Kin “[find] each other’s lives inscrutable” in this rich, sharp story about the way identity is formed.

Pub Date: June 2, 2020

ISBN: 978-0-525-53629-1

Page Count: 352

Publisher: Riverhead

Review Posted Online: March 15, 2020

Kirkus Reviews Issue: April 1, 2020

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A love letter to the power of books and friendship.

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THE GIVER OF STARS

Women become horseback librarians in 1930s Kentucky and face challenges from the landscape, the weather, and the men around them.

Alice thought marrying attractive American Bennett Van Cleve would be her ticket out of her stifling life in England. But when she and Bennett settle in Baileyville, Kentucky, she realizes that her life consists of nothing more than staying in their giant house all day and getting yelled at by his unpleasant father, who owns a coal mine. She’s just about to resign herself to a life of boredom when an opportunity presents itself in the form of a traveling horseback library—an initiative from Eleanor Roosevelt meant to counteract the devastating effects of the Depression by focusing on literacy and learning. Much to the dismay of her husband and father-in-law, Alice signs up and soon learns the ropes from the library’s leader, Margery. Margery doesn’t care what anyone thinks of her, rejects marriage, and would rather be on horseback than in a kitchen. And even though all this makes Margery a town pariah, Alice quickly grows to like her. Along with several other women (including one black woman, Sophia, whose employment causes controversy in a town that doesn’t believe black and white people should be allowed to use the same library), Margery and Alice supply magazines, Bible stories, and copies of books like Little Women to the largely poor residents who live in remote areas. Alice spends long days in terrible weather on horseback, but she finally feels happy in her new life in Kentucky, even as her marriage to Bennett is failing. But her powerful father-in-law doesn’t care for Alice’s job or Margery’s lifestyle, and he’ll stop at nothing to shut their library down. Basing her novel on the true story of the Pack Horse Library Project established by the Works Progress Administration in the 1930s, Moyes (Still Me, 2018, etc.) brings an often forgotten slice of history to life. She writes about Kentucky with lush descriptions of the landscape and tender respect for the townspeople, most of whom are poor, uneducated, and grateful for the chance to learn. Although Alice and Margery both have their own romances, the true power of the story is in the bonds between the women of the library. They may have different backgrounds, but their commitment to helping the people of Baileyville brings them together.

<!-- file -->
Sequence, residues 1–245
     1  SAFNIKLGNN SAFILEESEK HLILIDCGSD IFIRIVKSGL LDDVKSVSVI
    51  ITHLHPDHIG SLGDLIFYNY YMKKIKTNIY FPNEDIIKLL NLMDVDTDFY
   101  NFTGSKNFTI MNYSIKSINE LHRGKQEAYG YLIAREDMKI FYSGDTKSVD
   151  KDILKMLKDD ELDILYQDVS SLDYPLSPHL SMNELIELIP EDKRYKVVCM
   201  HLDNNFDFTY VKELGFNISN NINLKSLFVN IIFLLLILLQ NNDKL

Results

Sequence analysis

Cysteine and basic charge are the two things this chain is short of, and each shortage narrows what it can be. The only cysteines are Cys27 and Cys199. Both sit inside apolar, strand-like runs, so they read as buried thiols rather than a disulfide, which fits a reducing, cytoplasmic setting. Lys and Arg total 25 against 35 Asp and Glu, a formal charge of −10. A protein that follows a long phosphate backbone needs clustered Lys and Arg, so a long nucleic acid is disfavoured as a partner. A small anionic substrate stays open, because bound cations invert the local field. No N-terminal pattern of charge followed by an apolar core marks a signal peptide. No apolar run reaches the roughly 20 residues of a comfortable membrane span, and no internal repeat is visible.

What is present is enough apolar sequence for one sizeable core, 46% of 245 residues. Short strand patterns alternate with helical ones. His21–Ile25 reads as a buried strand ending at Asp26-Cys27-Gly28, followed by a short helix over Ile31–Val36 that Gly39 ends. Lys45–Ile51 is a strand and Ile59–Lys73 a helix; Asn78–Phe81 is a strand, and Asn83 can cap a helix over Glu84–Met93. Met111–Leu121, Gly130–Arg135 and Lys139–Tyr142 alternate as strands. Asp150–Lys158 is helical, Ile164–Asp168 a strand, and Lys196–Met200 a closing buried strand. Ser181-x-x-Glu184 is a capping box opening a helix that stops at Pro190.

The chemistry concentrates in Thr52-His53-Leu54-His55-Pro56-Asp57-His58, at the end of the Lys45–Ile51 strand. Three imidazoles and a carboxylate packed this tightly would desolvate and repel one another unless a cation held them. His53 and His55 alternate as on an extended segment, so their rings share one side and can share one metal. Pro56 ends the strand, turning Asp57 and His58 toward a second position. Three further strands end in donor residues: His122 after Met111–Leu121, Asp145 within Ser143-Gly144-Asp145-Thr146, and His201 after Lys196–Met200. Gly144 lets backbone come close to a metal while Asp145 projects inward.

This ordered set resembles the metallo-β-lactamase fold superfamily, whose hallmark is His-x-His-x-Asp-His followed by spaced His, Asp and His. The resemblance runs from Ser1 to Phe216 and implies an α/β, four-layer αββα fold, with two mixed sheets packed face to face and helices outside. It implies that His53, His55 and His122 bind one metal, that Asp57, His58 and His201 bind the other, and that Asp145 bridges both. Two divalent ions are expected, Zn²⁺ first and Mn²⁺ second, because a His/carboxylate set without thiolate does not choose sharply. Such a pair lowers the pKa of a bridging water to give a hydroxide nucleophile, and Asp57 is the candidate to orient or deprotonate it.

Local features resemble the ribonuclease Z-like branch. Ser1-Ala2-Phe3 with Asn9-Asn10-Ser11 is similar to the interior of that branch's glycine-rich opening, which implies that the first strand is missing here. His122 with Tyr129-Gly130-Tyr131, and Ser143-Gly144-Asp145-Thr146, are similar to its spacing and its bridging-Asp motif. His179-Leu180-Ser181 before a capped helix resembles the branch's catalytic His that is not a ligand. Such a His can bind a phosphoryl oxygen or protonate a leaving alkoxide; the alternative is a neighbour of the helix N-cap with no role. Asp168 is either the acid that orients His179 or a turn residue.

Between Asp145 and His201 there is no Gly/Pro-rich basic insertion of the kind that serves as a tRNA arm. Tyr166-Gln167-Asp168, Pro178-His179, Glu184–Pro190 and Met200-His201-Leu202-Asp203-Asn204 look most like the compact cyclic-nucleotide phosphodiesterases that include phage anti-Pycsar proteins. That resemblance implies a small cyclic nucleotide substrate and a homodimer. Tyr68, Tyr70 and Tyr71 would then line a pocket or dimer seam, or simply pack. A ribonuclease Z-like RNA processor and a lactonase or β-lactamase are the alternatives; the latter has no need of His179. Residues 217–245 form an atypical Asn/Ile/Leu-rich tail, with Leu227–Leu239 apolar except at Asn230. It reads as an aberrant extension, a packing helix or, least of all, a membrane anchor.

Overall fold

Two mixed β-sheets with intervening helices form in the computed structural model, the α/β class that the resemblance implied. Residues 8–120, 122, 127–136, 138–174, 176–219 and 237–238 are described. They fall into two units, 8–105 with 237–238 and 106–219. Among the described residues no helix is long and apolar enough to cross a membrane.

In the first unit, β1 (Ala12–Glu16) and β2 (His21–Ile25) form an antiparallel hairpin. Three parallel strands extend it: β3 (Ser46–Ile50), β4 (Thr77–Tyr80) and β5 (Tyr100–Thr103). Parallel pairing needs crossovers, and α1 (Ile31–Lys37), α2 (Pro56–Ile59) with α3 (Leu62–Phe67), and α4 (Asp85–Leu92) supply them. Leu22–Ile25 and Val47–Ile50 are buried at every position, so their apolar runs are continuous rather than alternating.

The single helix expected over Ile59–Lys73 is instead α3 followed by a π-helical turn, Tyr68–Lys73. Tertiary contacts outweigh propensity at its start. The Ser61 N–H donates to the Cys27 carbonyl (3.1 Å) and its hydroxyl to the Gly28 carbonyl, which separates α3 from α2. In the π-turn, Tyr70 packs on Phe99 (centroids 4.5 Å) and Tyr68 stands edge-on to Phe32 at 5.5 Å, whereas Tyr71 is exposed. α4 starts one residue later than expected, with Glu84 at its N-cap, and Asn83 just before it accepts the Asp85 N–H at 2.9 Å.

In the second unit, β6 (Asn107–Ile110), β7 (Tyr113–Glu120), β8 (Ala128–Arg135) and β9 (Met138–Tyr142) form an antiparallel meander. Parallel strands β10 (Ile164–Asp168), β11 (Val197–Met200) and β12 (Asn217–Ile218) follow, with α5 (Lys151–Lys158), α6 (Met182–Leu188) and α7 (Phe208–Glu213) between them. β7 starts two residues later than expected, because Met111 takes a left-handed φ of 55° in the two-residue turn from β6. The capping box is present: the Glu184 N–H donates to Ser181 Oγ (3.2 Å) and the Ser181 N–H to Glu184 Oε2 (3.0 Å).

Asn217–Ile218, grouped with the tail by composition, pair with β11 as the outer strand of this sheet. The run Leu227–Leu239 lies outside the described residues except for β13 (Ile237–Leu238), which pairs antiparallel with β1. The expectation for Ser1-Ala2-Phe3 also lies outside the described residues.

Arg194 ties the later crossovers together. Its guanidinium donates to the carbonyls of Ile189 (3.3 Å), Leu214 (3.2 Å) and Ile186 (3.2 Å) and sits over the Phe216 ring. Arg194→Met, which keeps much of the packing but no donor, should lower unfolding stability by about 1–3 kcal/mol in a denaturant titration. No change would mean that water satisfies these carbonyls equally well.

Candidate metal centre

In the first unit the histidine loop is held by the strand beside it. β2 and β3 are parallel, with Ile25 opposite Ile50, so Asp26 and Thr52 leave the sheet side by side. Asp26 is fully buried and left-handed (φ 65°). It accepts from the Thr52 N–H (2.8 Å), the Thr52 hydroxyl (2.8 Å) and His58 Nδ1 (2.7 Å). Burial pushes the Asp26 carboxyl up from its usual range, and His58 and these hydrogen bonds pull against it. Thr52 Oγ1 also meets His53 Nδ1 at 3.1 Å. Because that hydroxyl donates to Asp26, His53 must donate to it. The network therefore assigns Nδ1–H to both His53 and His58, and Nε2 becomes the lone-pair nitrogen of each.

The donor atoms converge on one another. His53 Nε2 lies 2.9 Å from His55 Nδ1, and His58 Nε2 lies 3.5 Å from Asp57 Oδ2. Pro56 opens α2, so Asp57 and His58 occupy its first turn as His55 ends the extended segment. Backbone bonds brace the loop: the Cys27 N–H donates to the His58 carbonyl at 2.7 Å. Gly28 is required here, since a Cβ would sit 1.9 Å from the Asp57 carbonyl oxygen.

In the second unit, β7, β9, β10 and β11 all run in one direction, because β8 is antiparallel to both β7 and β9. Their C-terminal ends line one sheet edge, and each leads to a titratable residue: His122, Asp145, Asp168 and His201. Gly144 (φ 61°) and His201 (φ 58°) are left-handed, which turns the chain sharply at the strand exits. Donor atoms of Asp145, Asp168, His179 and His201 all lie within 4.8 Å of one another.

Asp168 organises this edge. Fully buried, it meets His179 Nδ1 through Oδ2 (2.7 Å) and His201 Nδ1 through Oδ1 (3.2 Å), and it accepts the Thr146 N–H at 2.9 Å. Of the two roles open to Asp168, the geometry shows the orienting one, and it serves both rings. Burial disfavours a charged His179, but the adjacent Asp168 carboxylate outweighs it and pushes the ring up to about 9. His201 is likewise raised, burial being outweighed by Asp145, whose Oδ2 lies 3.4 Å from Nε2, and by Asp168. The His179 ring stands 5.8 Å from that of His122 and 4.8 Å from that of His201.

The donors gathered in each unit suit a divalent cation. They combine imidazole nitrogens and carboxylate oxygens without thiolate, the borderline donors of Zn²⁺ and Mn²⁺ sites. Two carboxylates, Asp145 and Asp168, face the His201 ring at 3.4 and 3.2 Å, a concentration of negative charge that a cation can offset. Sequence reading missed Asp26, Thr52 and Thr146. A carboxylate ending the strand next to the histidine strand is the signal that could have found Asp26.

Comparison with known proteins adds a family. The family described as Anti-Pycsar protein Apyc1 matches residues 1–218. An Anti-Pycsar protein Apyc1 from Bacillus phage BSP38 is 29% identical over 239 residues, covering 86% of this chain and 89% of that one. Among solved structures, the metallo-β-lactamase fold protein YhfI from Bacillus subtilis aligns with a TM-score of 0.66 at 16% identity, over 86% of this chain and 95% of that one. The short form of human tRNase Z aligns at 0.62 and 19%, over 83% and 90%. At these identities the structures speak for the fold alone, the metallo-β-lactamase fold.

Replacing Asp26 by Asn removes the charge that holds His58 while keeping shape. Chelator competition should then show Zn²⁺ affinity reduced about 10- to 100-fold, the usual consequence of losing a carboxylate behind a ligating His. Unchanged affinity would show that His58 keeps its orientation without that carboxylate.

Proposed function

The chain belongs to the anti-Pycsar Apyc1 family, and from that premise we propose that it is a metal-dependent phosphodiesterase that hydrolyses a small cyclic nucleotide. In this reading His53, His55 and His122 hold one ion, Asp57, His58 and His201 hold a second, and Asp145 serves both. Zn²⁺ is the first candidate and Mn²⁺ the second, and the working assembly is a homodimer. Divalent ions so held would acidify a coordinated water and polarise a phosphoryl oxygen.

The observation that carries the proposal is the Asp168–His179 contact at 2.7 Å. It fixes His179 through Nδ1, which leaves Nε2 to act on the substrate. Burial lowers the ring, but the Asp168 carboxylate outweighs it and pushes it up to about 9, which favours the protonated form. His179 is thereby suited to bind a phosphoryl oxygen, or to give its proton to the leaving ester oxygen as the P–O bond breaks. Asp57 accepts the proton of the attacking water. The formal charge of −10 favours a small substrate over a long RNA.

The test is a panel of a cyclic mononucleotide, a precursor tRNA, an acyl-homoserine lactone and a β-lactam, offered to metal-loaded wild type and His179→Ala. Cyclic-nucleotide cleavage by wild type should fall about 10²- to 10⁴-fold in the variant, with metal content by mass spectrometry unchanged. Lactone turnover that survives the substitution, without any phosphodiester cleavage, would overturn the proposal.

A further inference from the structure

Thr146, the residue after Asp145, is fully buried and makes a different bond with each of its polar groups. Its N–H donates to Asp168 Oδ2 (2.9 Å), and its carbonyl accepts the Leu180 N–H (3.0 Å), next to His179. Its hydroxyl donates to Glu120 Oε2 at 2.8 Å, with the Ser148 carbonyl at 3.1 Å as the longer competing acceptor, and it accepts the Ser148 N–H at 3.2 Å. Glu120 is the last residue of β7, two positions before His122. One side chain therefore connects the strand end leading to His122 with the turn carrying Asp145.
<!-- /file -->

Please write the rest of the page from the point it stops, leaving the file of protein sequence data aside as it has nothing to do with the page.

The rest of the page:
A love letter to the power of books and friendship.

Pub Date: Oct. 8, 2019

ISBN: 978-0-399-56248-8

Page Count: 400

Publisher: Pamela Dorman/Viking

Review Posted Online: July 1, 2019

Kirkus Reviews Issue: Aug. 1, 2019